By Betty Shanahan
As an automation professional, businesses rely upon you to increasingly leverage technology to realize the maximum value from their assets. Teams are challenged to holistically incorporate emerging technologies, new applications, environmental/safety goals, and profitability to deliver optimal results.
Leading professionals and managers utilize continuing education, publications such as InTech, and conferences, workshops, and seminars to maintain and enhance their skills and knowledge. This lifelong learning is necessary to continually deliver creative and competitive solutions. Of course, technical expertise is critical. But too often in the automation industries, workforce diversity, a key differentiator in driving innovation, is minimally leveraged.
Like most engineering- and technology-based industries, the automation workforce is homogenous. Largely populated by people with similar backgrounds, life experiences, approaches to problems, perspectives, and communications styles, the automation profession tends to have homogenous teams. Members of homogenous teams, no matter how technically talented they are, will move toward similar solutions. The few individuals that are different from the majority are frequently unable to provide unique insight since the team is dominated by the similar perspectives of members of the large majority. But finding dramatically new and better solutions will require different thinking. Research shows that bringing many different perspectives to a problem results in more creative solutions. Building on the saying “None of us is as smart as all of us,” I turn to the European Commission’s report “Diversity and Innovation” insight that for “innovation to happen depends as much on collective difference as on aggregate ability.”
In a technically-based profession, it is often assumed we recruit the best capable talent, and our field is a meritocracy where individuals are judged solely by their work. In reality, each of us is a product of our society. Unconscious biases influence the decisions and perspectives. Whether the selection of a new team member is impacted by stereotypes of a technical professional or problem-solving sessions continually use the same approach, we are swayed by the traditional, and it is comfortable to remain with the familiar. But driving innovation requires stepping into new—and yes, uncomfortable—areas. To leverage the value of diversity, I challenge you to include awareness of the benefits of an inclusive environment, how to recognize exclusionary behavior, and how to foster that environment in your personal and staff development plans.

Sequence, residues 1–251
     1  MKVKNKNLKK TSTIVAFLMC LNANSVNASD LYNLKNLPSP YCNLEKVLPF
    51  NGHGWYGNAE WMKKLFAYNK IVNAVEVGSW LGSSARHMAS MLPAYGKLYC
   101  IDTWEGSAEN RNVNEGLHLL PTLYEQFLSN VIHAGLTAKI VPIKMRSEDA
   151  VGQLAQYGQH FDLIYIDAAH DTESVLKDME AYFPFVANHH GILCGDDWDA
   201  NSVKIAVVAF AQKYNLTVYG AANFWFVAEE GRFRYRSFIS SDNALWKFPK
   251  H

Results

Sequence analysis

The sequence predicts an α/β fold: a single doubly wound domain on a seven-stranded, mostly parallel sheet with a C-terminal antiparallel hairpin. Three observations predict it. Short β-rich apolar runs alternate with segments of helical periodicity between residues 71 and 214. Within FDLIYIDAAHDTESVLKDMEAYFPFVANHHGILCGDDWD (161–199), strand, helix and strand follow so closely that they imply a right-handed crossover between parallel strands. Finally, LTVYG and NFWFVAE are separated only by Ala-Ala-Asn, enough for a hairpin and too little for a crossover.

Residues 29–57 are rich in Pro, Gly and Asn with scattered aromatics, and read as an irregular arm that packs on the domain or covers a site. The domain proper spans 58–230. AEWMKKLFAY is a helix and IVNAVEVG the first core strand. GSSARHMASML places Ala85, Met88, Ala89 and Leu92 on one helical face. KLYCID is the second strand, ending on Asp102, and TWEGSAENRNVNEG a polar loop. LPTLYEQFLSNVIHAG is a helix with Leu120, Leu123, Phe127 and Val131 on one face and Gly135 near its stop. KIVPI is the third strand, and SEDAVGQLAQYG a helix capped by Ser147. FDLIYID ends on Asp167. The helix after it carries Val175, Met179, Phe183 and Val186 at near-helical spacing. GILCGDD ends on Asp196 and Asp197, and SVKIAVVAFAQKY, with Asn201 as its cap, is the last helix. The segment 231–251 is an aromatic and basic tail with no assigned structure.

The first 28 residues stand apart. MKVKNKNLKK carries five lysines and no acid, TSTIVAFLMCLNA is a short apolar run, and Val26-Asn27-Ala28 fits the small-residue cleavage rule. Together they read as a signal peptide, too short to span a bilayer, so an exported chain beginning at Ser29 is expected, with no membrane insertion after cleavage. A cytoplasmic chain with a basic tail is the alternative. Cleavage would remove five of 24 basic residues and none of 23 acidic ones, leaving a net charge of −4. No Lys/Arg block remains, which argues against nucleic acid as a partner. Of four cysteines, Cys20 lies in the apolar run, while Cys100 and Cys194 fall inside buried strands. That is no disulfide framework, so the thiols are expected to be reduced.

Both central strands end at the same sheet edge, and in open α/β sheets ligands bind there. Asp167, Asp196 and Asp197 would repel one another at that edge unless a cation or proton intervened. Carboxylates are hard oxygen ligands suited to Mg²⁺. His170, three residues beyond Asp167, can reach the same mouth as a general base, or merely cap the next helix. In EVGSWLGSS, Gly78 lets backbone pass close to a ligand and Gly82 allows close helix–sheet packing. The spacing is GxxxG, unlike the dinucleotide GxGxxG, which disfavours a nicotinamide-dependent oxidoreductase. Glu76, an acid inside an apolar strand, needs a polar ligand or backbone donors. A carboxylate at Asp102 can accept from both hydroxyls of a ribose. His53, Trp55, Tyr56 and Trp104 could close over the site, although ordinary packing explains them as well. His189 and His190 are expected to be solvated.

Recruiting a diverse team is only the first step in leveraging diversity to drive innovation. It is critical to foster an inclusive environment where each member of that diverse team can authentically contribute. After numerous diversity-training sessions and my personal experiences as a woman in a male-dominated profession, I assumed that I promoted an inclusive workplace. It was only when my biases became conscious and I was exposed to the foundation for the rich perspectives, styles, experiences, and values of people different from me, did I realize how much I was limiting many individuals’ contributions.
For me, the first step—becoming aware of the gap between our conscious intentions and actions—is the toughest. My valued self-image as a fair colleague and manager is tarnished as I become aware that I, like most humans, make small and large decisions influenced by biases that I do not even know I hold. By becoming aware, I could become deliberate in minimizing the impact of my biases. I recommend the information and self-evaluation offered by Project Implicit at https://implicit.harvard.edu.
Beyond acknowledging biases, it is important to understand and welcome the richness offered by individuals from different ages, backgrounds, life experiences, and social values. Like most other personal development, this awareness and understanding is a journey that rewards each step with a more inclusive workplace and ultimately a more creative workforce.
The Past President of the National Academy of Engineering, Dr. William A. Wulf, said that “As a consequence of a lack of diversity, we pay an opportunity cost, a cost in designs not thought of, in solutions not produced.” Power innovation by investing in the development that ensures that your workplace has the diversity and inclusive environment that fosters creative thinking and ultimately delivers new and better solutions.
ABOUT THE AUTHOR
Betty Shanahan, CAE, F.SWE, is the executive director & CEO of the Society of Women Engineers.